Fr: Géospize modeste
All: Kleinschnabel-Darwinfink
Esp: Pinzón de Darwin Modesto
Ita: Fringuello arboricolo di Charles
Nd: Charles' Boomvink
Sd: Mellanträdfink


Roger Ahlman
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Text by Nicole Bouglouan


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Avian population survey in the Floreana highlands: is Darwin’s Medium Tree Finch declining in remnant patches of Scalesia forest?


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Medium Tree-Finch
Camarhynchus pauper

Passeriformes Order – Thraupidae Family

Darwin’s Finches - Generalities

With a very small range of 23 km2 and a rapid decline, the Medium Tree-Finch is a Critically Endangered species. Only found on Floreana Island, it is vulnerable to introduced predators, diseases and habitat loss. It is endemic to Galapagos Islands and included in the Darwin’s Finches group.

Length: 13 cm
Weight: 16 g

The adult male has blackish head forming a dark hood extending down to throat and breast.
The upperparts are brownish-olive with dark feather centres. The tail is weak and short.
The underparts are whitish to pale buffy with indistinct darker streaks on lower breast and flanks. The undertail-coverts are buffy-white and unstreaked.
The bill is intermediate between the Large Tree-Finch and the Small Tree-Finch. It is black when breeding, and dull orange with black culmen outside this period. The eyes are dark brown. Legs and feet are black.

The female is duller with greyish-brown upperparts with indistinct or absent dark feather centres. The upperwing is brownish, crossed by two narrow grey-buff wingbars. The tail is brown.
The underparts are white with weak grey streaking on breast (but variable). From belly to undertail-coverts, the plumage is pale buff and unstreaked.
The head is greyish-brown with faint paler supercilium.
The bill is dull orange with darker culmen. The eyes are dark. Legs and feet are blackish.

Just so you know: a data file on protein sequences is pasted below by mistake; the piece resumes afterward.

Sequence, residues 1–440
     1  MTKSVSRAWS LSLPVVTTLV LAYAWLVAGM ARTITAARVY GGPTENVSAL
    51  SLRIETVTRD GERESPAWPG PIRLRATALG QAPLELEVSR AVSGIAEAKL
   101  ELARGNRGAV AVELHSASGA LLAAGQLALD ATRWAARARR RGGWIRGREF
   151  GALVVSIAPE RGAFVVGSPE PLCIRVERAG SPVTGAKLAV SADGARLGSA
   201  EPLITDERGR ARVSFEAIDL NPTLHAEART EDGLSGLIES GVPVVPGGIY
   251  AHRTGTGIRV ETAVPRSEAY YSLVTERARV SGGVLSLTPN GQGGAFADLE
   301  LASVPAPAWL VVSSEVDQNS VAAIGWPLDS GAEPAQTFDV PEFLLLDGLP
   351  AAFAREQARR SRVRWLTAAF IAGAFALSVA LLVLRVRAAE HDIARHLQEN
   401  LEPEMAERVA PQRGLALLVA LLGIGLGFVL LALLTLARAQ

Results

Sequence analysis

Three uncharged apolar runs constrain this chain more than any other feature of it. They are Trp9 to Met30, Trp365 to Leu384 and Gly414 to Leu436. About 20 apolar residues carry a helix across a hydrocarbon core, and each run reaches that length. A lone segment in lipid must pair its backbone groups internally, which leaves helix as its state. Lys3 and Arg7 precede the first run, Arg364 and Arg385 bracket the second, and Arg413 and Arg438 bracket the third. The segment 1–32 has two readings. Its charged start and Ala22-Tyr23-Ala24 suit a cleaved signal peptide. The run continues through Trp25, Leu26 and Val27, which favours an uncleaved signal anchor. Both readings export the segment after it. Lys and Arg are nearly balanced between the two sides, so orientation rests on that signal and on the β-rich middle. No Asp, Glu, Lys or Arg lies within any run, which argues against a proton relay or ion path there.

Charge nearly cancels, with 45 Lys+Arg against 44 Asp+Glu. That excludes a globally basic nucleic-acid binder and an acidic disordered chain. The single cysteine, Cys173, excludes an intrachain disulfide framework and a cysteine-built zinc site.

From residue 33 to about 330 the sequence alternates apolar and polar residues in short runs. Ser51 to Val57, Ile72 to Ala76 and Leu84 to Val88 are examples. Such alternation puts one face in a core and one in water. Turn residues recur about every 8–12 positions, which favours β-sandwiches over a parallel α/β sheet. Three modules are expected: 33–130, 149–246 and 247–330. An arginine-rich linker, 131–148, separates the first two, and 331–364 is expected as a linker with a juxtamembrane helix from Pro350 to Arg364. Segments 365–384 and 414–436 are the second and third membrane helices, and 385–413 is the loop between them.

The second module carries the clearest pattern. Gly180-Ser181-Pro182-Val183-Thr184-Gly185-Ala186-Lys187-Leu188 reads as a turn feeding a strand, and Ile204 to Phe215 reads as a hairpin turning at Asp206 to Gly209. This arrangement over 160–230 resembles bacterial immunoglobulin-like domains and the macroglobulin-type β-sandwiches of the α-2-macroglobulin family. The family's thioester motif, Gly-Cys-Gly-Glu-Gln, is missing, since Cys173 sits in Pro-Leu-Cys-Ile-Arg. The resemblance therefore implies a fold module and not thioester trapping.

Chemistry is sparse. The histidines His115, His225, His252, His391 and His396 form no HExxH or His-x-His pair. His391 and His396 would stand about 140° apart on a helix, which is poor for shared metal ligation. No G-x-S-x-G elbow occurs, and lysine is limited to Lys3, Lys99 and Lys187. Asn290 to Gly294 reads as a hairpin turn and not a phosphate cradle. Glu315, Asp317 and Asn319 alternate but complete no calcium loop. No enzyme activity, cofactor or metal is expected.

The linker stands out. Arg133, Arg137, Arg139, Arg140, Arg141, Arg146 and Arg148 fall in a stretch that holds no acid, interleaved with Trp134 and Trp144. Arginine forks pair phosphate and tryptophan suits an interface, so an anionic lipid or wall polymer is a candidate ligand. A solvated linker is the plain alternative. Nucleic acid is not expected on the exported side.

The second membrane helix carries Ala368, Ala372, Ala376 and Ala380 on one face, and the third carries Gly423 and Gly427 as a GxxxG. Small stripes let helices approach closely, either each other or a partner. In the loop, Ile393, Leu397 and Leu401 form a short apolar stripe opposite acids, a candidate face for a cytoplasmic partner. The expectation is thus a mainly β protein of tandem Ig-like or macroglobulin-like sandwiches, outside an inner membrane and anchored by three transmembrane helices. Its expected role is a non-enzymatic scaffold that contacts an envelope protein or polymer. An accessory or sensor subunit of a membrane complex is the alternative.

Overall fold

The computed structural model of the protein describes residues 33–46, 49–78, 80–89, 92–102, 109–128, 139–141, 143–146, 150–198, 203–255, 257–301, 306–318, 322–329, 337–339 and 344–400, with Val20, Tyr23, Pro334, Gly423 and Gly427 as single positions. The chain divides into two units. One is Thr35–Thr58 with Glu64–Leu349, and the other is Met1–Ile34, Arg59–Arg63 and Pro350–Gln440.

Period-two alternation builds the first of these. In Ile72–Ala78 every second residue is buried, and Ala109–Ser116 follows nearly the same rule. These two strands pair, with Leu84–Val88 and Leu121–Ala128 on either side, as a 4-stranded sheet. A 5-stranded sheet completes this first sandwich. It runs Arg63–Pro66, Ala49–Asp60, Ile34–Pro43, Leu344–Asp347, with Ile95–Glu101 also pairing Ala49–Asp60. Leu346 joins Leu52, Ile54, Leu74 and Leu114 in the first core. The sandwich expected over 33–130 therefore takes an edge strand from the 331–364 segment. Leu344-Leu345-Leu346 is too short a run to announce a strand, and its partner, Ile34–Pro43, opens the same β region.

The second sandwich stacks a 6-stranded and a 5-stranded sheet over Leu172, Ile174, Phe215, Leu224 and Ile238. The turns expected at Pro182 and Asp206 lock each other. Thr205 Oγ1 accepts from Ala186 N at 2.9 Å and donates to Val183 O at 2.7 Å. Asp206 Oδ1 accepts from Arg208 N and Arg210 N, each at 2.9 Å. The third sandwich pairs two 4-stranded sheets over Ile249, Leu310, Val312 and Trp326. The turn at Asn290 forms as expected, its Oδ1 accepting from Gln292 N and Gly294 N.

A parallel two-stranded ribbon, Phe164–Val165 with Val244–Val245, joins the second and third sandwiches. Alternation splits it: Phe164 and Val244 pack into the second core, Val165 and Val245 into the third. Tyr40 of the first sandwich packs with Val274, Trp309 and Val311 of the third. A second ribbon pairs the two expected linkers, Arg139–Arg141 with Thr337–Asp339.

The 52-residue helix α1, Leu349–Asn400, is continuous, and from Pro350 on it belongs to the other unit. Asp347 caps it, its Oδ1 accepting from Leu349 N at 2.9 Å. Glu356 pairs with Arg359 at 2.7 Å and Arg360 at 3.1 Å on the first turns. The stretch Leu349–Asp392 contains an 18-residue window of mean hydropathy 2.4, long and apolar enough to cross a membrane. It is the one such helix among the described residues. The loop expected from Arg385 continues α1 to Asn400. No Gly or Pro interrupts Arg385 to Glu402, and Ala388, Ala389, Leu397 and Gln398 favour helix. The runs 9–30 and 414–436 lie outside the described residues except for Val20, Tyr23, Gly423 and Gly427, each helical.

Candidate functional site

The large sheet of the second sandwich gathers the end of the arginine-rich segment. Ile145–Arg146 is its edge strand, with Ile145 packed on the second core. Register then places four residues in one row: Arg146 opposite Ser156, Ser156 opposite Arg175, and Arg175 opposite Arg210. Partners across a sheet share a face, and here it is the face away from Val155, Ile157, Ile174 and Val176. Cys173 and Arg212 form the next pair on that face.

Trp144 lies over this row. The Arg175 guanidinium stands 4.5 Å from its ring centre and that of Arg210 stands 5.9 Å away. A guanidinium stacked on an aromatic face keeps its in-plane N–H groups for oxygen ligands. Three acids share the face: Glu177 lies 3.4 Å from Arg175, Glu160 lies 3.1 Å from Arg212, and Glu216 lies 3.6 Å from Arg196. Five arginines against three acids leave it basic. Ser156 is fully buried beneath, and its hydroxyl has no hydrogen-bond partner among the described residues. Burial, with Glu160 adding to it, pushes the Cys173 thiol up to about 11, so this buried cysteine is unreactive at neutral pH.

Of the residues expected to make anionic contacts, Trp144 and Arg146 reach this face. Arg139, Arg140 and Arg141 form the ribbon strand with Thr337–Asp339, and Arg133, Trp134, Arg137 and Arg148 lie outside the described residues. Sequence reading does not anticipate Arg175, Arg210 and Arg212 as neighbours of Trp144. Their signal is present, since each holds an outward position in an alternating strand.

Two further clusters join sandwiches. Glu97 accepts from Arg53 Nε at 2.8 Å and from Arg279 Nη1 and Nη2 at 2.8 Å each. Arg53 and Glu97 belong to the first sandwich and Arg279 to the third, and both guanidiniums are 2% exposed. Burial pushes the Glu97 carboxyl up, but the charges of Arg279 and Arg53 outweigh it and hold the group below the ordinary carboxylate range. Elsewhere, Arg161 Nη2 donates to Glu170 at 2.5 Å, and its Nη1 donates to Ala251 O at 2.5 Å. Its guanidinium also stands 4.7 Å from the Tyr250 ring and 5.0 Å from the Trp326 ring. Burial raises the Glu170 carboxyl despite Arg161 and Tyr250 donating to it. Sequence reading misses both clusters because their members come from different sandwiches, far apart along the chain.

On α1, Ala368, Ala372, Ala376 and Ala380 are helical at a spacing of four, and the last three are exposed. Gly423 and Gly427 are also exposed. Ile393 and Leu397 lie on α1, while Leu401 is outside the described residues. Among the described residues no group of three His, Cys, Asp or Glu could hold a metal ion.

The immature male resembles female, but shows some hood pattern with blackish forehead, face and lower throat. It will have fully black head by five years of age.

The Medium Tree-Finch occurs in the highlands of Floreana, in S Galapagos Islands.

The Medium Tree-Finch frequents forested habitats such as montane evergreen forest and tropical deciduous forest, and also humid scrub. It is usually found at 300-400 metres of elevation.

The Medium Tree-Finch’s calls include a high-pitched “zweee” and a nasal “phwee”.
The song consists of repeated series of notes such as “che-che-che-che-che” or “twe-twe-twe-twe”, or something different “chi’ri’ri chi’ri’ri”.

The Medium Tree-Finch feeds on insects, nectar, young buds and leaves. Thanks to its specialized bill, it probes in bark crevices of trees, but also searches for preys under leaves and small branches, by gleaning items from the vegetation.

The male is territorial during the breeding season, especially during the egg-laying during which it often performs mate-guarding. The pairs are usually monogamous and may have long-term pair-bonds. They maintain a small territory during the breeding season. The male sings at display nests to attract females.

The Medium Tree-Finch is resident in its range. However, it usually performs altitudinal movements after the breeding season, moving down to lower areas.

The peak of breeding occurs in February/April.
The Medium Tree-Finch usually nests in Scalesia pedunculata areas, which only remain in small patches in the highlands of Floreana Island.
The male builds the typical spherical nest with side entrance towards the top. It uses dry grasses, moss and lichens.

The female lays 4 whitish eggs with darker spots. She incubates alone during about 12 days. The chicks fledge 13-16 days after hatching.

The Medium Tree-Finch’s nests are parasitized by the accidentally introduced fly Philornis downsi, which causes large decreases in nesting success. The fly parasitism is increasing because the remaining habitat of this bird is close to cleared cultivated land with fruiting trees where adult flies are abundant.

The Medium Tree-Finch is uncommon and very local, and in rapid decline. Its small range of 23 km2 on Floreana Island suffers extensive habitat destruction due to agriculture expansion, alteration by invasive plant species and degradation by free-ranging domestic livestock.
Introduced predators such as pigs, cats, dogs and rats (among others) have negative effect on birds’ populations. In addition, diseases caused by avian pox (Avipox virus) infect a large proportion of birds.
Increasing tourism and disturbances involve the degradation of the favoured Scalesia habitats.
The Medium Tree-Finch is currently classified as Critically Endangered.